Extroverts and Introverts Showed Differences in Mood During Early COVID 19 Pandemic (Psychology)

By examining how personality traits were associated with adjustment to the COVID pandemic in college students, researchers found that more extroverted people suffered mood declines while more introverted people saw mood improvements during the early COVID-19 pandemic, in survey of students at a U.S. university.

The sample included 484 first-year university students (76% female) attending a northeastern university who completed the Big Five Inventory (BFI) personality assessment at the beginning of a semester that was disrupted by the COVID pandemic.

Using a phone-based app, students completed daily ratings of mood, perceived stress levels, and engagement in a number of health promotion activities (exercise, mindfulness, adequate sleep, etc.) throughout the semester both before and after the onset of the pandemic (e.g., a within-person longitudinal design). Results, as expected, showed that mood and wellness indices generally declined during the COVID period, although stress levels actually decreased.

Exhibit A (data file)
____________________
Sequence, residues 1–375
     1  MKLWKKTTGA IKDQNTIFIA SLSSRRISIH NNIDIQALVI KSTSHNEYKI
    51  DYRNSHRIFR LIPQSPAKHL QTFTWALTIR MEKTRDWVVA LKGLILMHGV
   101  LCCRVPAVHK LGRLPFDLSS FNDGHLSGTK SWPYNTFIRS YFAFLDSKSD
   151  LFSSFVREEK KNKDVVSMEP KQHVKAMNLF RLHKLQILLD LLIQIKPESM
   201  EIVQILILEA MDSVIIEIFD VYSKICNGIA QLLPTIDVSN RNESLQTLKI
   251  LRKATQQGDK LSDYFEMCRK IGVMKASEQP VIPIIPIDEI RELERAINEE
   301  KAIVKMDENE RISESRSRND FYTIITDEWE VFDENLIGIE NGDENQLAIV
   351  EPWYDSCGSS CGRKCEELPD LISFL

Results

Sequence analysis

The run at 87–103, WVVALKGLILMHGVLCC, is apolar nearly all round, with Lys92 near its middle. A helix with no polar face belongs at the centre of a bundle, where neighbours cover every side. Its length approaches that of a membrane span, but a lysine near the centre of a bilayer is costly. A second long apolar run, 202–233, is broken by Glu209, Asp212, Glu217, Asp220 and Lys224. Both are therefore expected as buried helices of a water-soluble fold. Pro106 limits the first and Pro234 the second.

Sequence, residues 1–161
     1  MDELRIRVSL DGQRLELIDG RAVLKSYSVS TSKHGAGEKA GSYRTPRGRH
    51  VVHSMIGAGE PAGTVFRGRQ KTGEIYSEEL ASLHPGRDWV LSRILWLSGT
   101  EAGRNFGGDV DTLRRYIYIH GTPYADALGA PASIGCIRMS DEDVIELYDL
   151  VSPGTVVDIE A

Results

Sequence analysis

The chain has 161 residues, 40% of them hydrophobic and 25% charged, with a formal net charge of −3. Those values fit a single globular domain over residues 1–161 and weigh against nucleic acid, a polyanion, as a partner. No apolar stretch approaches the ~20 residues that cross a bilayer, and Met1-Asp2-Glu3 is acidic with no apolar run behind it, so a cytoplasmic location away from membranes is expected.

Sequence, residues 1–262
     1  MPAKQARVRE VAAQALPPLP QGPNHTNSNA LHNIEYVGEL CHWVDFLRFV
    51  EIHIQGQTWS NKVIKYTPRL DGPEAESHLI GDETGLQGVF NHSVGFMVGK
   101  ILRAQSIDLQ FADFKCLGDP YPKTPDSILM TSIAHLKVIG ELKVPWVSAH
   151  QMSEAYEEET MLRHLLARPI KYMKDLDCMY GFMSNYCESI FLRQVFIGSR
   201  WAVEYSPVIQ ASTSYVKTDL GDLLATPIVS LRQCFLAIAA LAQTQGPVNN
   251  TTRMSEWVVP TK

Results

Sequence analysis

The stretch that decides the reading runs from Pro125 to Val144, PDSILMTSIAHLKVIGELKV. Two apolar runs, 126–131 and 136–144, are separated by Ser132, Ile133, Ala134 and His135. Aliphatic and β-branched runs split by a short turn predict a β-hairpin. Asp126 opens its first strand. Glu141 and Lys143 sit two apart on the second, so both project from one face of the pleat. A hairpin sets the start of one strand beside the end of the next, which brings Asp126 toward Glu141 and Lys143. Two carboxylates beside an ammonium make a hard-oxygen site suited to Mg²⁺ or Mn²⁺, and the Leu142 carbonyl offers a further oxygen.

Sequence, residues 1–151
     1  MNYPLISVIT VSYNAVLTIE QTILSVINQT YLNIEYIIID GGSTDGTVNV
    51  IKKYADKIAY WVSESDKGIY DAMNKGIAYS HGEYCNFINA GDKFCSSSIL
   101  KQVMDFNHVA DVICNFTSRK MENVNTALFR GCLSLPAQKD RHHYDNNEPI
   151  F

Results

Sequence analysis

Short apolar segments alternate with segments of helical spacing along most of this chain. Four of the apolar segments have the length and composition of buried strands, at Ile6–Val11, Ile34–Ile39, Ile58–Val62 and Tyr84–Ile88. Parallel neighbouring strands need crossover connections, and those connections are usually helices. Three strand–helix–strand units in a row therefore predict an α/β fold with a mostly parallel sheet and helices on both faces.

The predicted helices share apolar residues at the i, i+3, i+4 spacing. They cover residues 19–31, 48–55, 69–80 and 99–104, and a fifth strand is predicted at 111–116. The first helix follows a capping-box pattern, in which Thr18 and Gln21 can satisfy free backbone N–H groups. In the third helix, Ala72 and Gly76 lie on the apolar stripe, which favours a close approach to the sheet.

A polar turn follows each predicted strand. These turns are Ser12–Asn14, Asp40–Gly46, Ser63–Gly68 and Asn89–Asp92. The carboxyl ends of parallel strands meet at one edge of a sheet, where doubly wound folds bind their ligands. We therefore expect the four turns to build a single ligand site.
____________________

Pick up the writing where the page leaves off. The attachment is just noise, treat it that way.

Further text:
They also found that higher levels of extraversion, for example, were found to be related to decreases in mood as the pandemic progressed in contrast to those with lower extraversion, for whom there was a slight increase in mood over time. These data support the conclusion that personality traits are related to mental health and can play a role in a person’s ability to cope with major stressful events. Different traits may also be more adaptive to different types of stressors.

Featured image: Phone-based app used in study © Dr. Jim Hudziak

Reference: Rettew DC, McGinnis EW, Copeland W, Nardone HY, Bai Y, Rettew J, et al. (2021) Personality trait predictors of adjustment during the COVID pandemic among college students. PLoS ONE 16(3): e0248895. https://journals.plos.org/plosone/article?id=10.1371/journal.pone.0248895 https://doi.org/10.1371/journal.pone.0248895

Provided by PLoS

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